This occurred even though his predecessor, Lester B. Pearson, had brought Judy LaMarsh into cabinet in 1963 and kept her there until 1968.
Pierre Trudeau finally appointed his first female cabinet minister, Jeanne Sauvé, in 1972. She was the only woman who made the cut that year and only in the relatively minor portfolio of minister of state for science and technology.
Another of Pierre Trudeau's failings was angering Alberta with the National Energy Program in the early 1980s. It created a rift between Alberta and the federal Liberals that remains to this day.
So if Justin Trudeau wanted to outdo his brilliant father in a political sense, there were two paths for achieving that.
One was to show that he was better than his dad when it came to sharing power with women. We all know how that worked out: the first gender-balanced cabinet in Canadian history was appointed by Trudeau junior.
"Because it's 2015," Justin Trudeau famously said after his government was sworn in.
He also set about healing the split between Albertans and the Liberal Party of Canada.
This culminated in the federal government announcing last week that it's going to buy Kinder Morgan's Trans Mountain pipeline system. The Liberals are also promising to complete an expansion project that will triple shipments of diluted bitumen from Alberta to the B.C. coast.
"Pick up those tools, folks," Alberta premier Rachel Notley said. "We have a pipeline to build."
The pipeline system itself is going to cost $4.5 billion and it will cost many more billions to build the new infrastructure.
In a Jungian sense, Justin Trudeau's process of individuation is moving forward quite successfully—he's better than his dad in keeping Albertans happy and he's better than his dad when it comes to appointing women to cabinet. He's no sexist.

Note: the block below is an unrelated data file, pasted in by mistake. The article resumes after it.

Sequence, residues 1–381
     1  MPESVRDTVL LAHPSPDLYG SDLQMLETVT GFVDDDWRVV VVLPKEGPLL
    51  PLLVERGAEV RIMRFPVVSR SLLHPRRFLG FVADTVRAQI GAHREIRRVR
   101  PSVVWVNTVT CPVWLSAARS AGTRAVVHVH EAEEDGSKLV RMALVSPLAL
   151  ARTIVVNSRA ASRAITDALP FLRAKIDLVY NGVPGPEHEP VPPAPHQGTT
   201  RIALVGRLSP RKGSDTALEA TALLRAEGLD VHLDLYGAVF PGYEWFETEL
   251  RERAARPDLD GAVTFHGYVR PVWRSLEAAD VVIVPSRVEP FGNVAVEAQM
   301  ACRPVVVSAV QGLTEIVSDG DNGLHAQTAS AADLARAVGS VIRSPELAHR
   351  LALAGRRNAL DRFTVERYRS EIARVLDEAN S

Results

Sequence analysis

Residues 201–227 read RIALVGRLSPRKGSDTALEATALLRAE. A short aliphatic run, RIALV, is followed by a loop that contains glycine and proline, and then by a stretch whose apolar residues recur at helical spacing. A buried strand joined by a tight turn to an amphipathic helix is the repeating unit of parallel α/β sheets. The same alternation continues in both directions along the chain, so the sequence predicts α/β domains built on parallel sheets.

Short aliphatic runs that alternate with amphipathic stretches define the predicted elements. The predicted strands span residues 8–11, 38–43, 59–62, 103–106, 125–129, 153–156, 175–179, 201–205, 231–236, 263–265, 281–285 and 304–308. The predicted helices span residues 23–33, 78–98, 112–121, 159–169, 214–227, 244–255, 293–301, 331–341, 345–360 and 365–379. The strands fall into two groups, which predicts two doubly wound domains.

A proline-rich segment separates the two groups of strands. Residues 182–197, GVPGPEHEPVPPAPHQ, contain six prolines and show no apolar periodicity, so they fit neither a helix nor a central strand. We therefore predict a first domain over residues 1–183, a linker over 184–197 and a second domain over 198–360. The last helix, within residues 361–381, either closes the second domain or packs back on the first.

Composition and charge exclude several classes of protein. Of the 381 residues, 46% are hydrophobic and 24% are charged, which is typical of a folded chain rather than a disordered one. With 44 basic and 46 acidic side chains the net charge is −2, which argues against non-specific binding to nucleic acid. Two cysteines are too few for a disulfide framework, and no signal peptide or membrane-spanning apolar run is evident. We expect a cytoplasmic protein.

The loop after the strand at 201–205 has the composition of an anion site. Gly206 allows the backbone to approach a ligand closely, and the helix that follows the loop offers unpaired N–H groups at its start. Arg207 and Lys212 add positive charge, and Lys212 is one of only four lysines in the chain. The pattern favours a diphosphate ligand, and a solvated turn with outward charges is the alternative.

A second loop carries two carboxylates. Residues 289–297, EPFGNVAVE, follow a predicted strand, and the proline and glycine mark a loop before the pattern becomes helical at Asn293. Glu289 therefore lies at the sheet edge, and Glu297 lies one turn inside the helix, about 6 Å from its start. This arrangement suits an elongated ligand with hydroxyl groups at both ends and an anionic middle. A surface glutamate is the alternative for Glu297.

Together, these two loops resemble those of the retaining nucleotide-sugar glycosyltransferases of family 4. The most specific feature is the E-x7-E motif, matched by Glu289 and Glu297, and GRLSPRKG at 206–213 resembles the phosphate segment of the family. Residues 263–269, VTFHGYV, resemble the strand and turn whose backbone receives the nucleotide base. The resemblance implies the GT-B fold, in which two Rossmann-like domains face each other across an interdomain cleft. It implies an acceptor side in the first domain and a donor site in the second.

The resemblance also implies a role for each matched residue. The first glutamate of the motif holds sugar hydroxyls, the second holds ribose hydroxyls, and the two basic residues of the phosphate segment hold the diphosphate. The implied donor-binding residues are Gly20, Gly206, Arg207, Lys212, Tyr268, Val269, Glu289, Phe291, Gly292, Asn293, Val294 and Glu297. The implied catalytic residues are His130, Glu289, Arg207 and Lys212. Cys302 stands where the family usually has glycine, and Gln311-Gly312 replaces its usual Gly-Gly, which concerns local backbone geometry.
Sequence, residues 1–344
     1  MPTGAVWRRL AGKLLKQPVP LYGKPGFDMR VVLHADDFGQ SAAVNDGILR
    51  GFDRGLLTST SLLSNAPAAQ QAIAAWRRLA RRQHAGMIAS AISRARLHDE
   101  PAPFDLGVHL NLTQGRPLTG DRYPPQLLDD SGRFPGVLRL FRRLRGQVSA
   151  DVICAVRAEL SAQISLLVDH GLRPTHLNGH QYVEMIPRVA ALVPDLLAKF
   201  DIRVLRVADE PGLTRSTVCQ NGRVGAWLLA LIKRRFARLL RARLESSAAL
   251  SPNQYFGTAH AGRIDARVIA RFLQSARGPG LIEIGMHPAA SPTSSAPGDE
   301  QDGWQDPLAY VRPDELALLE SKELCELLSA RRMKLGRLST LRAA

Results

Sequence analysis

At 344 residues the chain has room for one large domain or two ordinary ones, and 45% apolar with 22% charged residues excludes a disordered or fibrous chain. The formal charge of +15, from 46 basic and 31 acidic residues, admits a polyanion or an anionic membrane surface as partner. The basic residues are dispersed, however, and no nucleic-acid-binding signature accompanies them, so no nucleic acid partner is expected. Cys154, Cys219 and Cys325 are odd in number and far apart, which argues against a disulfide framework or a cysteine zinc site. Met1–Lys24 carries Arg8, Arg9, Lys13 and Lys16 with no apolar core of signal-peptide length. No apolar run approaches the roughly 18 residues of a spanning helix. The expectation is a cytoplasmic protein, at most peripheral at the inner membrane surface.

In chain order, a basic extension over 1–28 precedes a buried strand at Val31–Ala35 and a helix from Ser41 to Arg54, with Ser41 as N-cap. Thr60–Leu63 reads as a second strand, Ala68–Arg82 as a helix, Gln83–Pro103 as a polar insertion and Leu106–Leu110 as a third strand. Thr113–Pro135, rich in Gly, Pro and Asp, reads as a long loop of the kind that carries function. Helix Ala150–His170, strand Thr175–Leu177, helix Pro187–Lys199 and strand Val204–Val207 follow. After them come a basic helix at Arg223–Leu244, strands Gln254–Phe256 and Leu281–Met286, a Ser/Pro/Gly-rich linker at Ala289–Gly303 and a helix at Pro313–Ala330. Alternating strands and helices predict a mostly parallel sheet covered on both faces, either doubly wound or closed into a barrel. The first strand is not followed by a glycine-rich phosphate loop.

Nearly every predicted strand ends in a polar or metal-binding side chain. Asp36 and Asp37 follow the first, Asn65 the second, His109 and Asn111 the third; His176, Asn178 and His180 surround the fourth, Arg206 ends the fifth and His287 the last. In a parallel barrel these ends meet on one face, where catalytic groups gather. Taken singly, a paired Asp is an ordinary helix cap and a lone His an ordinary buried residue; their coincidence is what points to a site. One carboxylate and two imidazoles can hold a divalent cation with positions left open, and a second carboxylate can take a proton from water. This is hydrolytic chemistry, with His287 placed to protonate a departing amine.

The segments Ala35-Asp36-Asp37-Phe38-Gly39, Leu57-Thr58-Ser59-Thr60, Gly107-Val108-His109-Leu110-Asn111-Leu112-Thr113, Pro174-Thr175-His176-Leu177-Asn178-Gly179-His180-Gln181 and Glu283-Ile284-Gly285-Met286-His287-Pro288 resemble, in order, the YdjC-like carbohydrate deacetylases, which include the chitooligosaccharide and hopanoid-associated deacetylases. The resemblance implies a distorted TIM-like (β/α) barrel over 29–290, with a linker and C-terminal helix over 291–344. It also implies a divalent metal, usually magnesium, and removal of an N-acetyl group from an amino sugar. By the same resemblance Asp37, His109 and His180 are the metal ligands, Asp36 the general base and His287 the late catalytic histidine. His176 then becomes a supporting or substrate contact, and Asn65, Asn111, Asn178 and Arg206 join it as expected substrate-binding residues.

Justin Trudeau has his own fully formed personality even after having grown up with such a famous and revered father.
Unfortunately for the planet, however, Justin Trudeau has also gone a long way toward ensuring that Canada will not meet its commitments to reduce greenhouse gas emissions under the Paris Agreement.
By purchasing a pipeline, he's shown the world that he's not a leader in facing up to the most pressing issue facing humanity in the 21st century.
That, of course, is addressing climate change to stave off the deaths of hundreds of millions of people, if not more, in the decades to come.
As a daring snowboarder in Whistler, Justin Trudeau demonstrated a propensity for taking risks. That was part of his personality.
This was also on display when he sought the leadership of the Liberal Party of Canada at a relatively young age and set out to defeat former prime minister Stephen Harper.
Unfortunately for the rest of humanity, his biggest gamble nowadays is with the planet.
Our risk-loving prime minister is rolling the dice again, this time in the highest-stakes game of our lives.
One wonders how things might have differed had his father Pierre not been so eager to antagonize Albertans almost 40 years ago.